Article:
Asked on 02 Jul 2018
Anything better than ssb?
I second the opinion provided by Gabriel Tham. SSB is a good SAVINGS instrument for the following reasons.
1) it provides the interest rate of a 10 year bond
2) behaves like a saving accounts (withdrawal without penalty)
3) $2 transaction cost allows for re-investment especially in an rising interest rate environment. This elimates any interest rate risk that you might encounter in the future. (for every $1,000 invested, it only takes a 0.4% increment in market interest rate to justify switching your old SSB with the newly issued SSB).
While i may not understand your goal of savings, here is my 2 cents based on your what you want. Savings at the end of the day only provides for a low level of return that at best helps consumers match up with inflation rate. Just like a farmer who would rather sell a chicken that doesn't lay eggs than to keep it, there is no incentive for consumers to hold on to cash that does not provide for positive inflation adjusted returns.
Most importantly, what are you looking to save for? Depending on your answer, just saving instruments alone might not be sufficient. You may want to look into it before fully committing to your current financial plan.
The safest solution is really the ssb as it is backed by the government. If you wanna increase your returns, you can look at regular savings plan or robo advisor, but it will have higher risk as you will be exposed to market volatility.
If u r still below 30, u can put in 2 % interest rate saving account. Standard chartered jump-start account
Fixed deposits if you need your funds to be liquid. Otherwise, you could also consider CPF if you are near the age of 55 and fulfill the conditions to withdraw those funds according to CPF's rules.
You are asking if there are anything better than SSB. So I guess SSB should not be the answer you are looking for. No investment/endowment plan too.
So i guess. The next best thing would be with the banks. Can look into fixed deposits or consider those bank accounts that gives high interest rates when you meet certain condition.
Other than SSB, next safest alternatives would be fixed deposits, or high yielding saving accounts like CIMB Fastsaver or Citibank's Maxigain.
Unless you are prepared to stomach some risk, there's not really a lot of choices available. Do stay away from retail endowment/ILP/annuity products, not worth the investment and opportunity costs..
Though you already know SSB and more into safe deposit, with 1k/monthly for the next 10 years. That's 12k per year for 10 years. Total of 120k.
Instead of just the passive SSB but and leave it there, can consider buying in a manner similar to DCA but some variations, build a bond ladder.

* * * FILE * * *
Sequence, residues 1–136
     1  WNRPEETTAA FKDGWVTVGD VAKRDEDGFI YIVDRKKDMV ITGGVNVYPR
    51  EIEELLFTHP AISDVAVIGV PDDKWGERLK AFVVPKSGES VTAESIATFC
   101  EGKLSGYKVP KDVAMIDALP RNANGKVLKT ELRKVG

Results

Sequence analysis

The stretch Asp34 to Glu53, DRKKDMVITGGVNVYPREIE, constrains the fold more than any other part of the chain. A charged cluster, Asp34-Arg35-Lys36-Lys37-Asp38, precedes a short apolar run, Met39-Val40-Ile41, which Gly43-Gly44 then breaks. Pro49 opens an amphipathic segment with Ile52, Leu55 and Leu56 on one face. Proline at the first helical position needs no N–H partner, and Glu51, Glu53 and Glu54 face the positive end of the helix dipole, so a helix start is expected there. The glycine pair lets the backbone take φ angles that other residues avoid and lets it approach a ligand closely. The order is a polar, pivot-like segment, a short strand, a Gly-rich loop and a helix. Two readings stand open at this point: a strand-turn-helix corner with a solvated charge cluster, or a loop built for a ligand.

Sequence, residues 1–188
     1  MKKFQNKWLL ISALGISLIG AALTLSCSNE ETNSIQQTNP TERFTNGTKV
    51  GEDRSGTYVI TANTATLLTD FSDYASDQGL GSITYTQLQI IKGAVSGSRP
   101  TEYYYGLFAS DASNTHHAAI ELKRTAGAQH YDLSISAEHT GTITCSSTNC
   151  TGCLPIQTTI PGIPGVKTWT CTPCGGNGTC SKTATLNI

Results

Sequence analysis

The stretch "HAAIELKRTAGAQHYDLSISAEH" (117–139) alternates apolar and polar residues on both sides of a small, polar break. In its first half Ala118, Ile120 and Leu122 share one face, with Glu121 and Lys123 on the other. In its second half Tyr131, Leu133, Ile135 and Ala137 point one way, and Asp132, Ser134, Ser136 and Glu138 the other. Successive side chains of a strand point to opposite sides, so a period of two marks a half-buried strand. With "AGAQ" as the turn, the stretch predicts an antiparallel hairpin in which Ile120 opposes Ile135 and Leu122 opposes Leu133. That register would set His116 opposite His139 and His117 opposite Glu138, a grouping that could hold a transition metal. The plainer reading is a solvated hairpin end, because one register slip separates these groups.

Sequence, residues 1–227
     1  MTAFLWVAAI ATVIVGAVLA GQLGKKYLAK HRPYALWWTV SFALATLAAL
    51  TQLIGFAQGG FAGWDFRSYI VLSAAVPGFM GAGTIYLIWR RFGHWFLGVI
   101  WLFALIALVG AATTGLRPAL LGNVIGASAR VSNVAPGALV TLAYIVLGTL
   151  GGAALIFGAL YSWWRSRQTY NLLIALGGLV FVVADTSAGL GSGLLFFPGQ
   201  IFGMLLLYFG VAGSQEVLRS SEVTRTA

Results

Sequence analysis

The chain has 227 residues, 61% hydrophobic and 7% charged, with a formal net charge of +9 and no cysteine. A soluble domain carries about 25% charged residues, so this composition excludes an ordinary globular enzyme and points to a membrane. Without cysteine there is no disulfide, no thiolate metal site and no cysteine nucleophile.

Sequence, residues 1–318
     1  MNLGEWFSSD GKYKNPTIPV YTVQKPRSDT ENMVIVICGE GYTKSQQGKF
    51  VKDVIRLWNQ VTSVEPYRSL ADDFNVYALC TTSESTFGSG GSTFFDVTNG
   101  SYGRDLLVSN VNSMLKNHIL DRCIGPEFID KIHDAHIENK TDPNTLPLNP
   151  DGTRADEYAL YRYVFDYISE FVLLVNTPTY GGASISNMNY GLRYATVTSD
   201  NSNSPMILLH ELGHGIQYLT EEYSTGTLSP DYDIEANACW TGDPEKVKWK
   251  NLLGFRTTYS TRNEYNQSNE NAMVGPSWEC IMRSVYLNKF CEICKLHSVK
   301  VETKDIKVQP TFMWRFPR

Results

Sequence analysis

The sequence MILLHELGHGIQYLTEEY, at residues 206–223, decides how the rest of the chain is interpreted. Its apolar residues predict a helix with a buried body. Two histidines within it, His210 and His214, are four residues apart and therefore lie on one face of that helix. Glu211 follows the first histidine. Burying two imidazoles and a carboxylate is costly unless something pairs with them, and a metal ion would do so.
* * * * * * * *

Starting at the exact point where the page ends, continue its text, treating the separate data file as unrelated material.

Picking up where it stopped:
to find out how it is done and also use the excel build by author to find out it works. It can be set to work like a divident investing machine instead of just a regular bond / savings account. You can reinvest the interest or consider it as your "monthly dividend" lol :)
07 Feb 2019
Putting it into SSB. You can also put it into FD during promotional periods like recently CIMB have promotion rates for their FD min placement of 10k though. Otherwise you can also consider CIMB fastsaver.
High interest savings account (e.g. CIMB FastSaver, DBS Multiplier)
Singapore Savings Bond
POSB SAYE account
These are the safest options to stick with
Consider ssb. You just need to have cdp account and commit minimal $500. Fee is $2 to purchase and $2 if early redeem. No need to pay $2 if you let it run for 10 years. Capital guaranteed too
Stay far far away from endowment plans the returns are too low and time frame too long.
I think the banking landscape changes from time to time and it is important to review the promotions, rates and move our money around accordingly.
If you enough cash go go for a Bond, else SSB might be a good choice.
If you're aged 44-45 and can save that much, the highest risk free interest would literally be your CPF.
With 1k a month for 10 years compounding, you'd definitely have your FHS and then some, so you'd have a ton of excess at the end of 10 years as sweet, sweet cash.
Otheriwse, there's really no reason not to go for an endowment if you plan to save that much. Illiquid savings are far higher yielding than liquid as a general rule, and endowments have been upgrading and performing. You can get endowments that don't require more than 5 years payment and yield anywhere between 2.5 to 3.9% net of fees quite comfortably.
If you'd like to consider that as an option, you can reach me at https://www.facebook.com/luke.ho.54.
If you're not convinced and want to see potential proof, you can also reach me there. O_O
Show More Products